n. The theory and practice of salary caps in professional sports.
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The dollars will be stacked to the stratosphere for the Michael Jordans and Shaquille O'Neals and the handful of others whose celebrity extends far beyond the game itself.

Or at least they would, but for that which makes free agency not quite so free: the cap.

No use trying to figure out the fine points, since great minds now make a specialization of capology.
—Stephen Brunt, “Salary cap shows NBA's finesse on free agency,” The Globe and Mail, July 10, 1996
Last summer, the Magic restructured the contracts of six players and traded Sam Vincent before signing O'Neal to a 7-year, $40 million contract. His first-year salary was about $3.1 million. Vander Weide said he hopes the first-round pick this year can be signed for some amount between $1.7 million and $2.3 million. But various player agents said it would take between $2 million and $3 million to sign a player such as Webber. O'Neal commanded more because of his talent.

"We wade into another interesting and intricate summer of 'capology,' " Magic General Manager Pat Williams said.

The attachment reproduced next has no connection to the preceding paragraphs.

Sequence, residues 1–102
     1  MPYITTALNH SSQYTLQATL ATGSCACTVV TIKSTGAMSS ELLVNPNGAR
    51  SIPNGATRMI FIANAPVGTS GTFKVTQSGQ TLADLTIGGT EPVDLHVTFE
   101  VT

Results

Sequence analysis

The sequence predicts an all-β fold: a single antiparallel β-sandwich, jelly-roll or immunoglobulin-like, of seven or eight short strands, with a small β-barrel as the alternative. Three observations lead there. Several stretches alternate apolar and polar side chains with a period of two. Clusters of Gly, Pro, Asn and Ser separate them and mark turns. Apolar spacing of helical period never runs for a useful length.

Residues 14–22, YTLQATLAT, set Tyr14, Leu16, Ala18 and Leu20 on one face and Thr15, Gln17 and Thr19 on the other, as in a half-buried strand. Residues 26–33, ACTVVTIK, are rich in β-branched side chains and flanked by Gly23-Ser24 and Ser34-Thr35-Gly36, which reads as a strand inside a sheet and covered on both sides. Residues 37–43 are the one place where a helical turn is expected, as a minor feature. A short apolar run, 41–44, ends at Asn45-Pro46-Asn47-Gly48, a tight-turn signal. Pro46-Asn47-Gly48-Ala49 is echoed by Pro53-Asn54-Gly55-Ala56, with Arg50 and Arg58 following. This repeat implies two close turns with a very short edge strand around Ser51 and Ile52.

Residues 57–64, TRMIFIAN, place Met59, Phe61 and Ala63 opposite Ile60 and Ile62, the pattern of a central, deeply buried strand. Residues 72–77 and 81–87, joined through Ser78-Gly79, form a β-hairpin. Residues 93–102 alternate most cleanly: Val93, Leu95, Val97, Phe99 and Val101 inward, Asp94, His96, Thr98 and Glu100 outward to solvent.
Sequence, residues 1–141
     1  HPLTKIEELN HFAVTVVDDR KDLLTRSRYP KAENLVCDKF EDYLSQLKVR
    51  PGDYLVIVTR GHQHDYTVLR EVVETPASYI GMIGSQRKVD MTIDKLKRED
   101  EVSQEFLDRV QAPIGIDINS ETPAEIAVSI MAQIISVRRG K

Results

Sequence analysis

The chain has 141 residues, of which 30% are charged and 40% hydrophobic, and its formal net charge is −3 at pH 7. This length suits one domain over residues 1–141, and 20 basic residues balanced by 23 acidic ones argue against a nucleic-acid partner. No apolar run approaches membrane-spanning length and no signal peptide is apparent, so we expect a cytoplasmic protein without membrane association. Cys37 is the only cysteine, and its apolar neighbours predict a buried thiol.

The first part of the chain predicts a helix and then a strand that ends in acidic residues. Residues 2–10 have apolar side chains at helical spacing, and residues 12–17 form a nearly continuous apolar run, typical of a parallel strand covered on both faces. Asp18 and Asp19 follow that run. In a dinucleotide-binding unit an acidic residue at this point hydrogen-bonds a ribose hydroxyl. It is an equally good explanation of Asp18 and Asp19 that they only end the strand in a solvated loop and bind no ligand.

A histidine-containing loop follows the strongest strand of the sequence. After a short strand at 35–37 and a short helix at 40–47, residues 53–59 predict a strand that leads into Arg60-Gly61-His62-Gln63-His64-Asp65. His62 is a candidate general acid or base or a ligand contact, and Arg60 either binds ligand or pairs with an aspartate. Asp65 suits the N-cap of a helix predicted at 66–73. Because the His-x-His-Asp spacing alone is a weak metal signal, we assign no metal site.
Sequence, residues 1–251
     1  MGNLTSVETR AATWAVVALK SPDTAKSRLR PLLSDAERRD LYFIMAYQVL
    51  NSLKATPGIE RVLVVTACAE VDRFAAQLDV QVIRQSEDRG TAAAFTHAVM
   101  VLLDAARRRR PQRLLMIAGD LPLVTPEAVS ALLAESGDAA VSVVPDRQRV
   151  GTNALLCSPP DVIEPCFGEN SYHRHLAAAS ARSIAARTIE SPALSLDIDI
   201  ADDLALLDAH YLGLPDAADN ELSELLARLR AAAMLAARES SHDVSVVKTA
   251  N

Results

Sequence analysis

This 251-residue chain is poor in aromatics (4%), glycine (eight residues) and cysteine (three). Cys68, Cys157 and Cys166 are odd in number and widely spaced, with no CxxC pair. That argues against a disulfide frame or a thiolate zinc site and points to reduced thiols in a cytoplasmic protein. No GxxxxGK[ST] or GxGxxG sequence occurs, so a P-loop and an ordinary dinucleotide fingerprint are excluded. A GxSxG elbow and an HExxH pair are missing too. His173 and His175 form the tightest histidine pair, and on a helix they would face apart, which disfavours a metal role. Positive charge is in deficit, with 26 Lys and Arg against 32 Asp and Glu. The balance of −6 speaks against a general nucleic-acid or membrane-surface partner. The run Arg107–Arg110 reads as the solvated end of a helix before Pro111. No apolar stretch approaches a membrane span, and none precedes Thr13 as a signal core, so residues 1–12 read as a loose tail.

—Barry Cooper, “Magic Mission: Trim $4 Million,” Orlando Sentinel, May 24, 1993
1992 (earliest)
You don't need a PhD in salary capology to understand why. New York's good current position stems from a combination of good cap management, talent acquisition, player cooperation and luck.
—David Aldridge, “Knicks Deserve a Tip of the Cap For Mastery of Salary Strategy,” The Washington Post, September 24, 1992
A salary cap is a maximum dollar amount that a team can spend in one year on player salaries. The caps are usually hideously complex and can often be circumvented by using equally complex legal and monetary machinations—i.e., capology. This discipline is also known in the trade as caprobatics.